But we know this was not the final word on Jesus Christ. Declared within Scripture, confessed in our creed, and hopefully proclaimed in the life of every redeemed man and woman in this world-changing truth: Christ rose from the grave. In the most heroic display of light’s victory over darkness, Jesus conquered death itself and returned. Not only to this place but to His rightful place beside God Almighty. The resurrection is the fulcrum and foundation of our faith. Without it, Christianity does not exist.

And it is from this place of intimacy and equality with God the Father that Christ serves as our advocate, as our hero, and friend. And, as we read in the final line of this section of the Apostles’ Creed, as our judge. We tend to bristle when we hear judgment mentioned. It makes us uncomfortable. But we don’t have to here. This line of the creed affirms what we see echoed throughout Scripture: Jesus Christ will be the one to judge us. So that means that our fate is in the hands of the person who loved us enough to come to where we live, become like us, and eventually suffer and die for us. This is not some unfeeling, staunch judge with a gavel. It is the friend who has been beside us in the darkest moments and who reminded us that we are loved. Our judge is the very God who formed us, shaped our stories, and then offered us life and redemption. Judgment, according to the Apostles’ Creed, is a reason for celebration and joy.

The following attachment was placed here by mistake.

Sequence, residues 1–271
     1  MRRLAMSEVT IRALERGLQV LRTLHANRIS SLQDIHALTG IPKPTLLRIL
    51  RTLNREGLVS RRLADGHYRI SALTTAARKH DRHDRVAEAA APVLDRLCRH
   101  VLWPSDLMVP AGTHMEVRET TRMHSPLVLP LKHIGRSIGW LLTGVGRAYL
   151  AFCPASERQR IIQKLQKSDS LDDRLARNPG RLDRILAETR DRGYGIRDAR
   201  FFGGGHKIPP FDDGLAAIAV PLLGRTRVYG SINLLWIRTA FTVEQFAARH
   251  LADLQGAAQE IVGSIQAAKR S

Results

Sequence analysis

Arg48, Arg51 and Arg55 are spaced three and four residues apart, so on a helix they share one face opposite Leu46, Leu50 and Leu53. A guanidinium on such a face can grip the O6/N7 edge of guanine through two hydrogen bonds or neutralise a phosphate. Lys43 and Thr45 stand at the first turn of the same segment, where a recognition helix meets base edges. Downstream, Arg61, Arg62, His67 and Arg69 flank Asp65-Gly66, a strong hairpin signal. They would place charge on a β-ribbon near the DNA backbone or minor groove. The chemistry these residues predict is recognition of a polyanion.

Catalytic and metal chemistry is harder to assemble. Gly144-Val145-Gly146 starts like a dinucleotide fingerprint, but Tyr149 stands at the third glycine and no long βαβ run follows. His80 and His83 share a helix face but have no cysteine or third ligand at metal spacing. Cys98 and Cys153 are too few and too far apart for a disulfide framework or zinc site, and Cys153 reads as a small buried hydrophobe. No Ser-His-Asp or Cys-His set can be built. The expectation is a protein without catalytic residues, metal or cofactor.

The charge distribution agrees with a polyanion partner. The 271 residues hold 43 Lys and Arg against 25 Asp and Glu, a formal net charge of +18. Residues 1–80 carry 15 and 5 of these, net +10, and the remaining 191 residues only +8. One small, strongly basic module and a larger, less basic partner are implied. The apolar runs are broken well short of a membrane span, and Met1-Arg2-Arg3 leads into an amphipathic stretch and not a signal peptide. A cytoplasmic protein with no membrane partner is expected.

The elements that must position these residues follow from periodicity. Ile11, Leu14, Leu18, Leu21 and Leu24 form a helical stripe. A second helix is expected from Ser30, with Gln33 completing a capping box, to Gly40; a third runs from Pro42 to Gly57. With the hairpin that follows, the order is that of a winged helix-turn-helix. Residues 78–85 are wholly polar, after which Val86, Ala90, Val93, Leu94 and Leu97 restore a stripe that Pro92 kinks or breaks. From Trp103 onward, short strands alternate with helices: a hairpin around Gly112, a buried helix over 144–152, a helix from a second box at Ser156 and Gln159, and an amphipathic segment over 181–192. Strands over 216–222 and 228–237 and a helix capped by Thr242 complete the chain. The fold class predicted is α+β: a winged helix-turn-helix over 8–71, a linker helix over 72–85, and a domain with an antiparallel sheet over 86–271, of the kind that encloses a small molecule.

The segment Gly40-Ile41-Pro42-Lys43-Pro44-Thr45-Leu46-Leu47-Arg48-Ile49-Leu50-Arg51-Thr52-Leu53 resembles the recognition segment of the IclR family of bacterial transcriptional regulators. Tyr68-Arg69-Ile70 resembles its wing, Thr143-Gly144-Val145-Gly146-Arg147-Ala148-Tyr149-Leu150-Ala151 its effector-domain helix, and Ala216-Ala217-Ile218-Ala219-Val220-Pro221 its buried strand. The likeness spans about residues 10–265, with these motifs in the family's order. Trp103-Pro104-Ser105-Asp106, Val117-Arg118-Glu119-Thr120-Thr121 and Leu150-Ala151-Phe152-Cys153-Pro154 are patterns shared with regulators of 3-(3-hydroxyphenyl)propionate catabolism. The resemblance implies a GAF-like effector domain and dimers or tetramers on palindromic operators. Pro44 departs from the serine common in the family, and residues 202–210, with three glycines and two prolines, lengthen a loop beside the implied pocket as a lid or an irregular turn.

When we stop and reflect upon this description of Jesus given to us in the Apostles’ Creed, we are shown something remarkable and utterly unique. The creed only holds up and affirms that which is declared within Scripture, that Christ is a hero. Possessing selflessness, compassion, mercy, strength, wisdom, purpose, and a willingness to defend that which, that whom, He loves. With this creed, we join the voices of Christians from ancient times and spaces, from places of persecution, and from experiences of faithfulness different from our own. And we join them in affirming who our Savior is and what He has done. We join them in Confessing a Hero.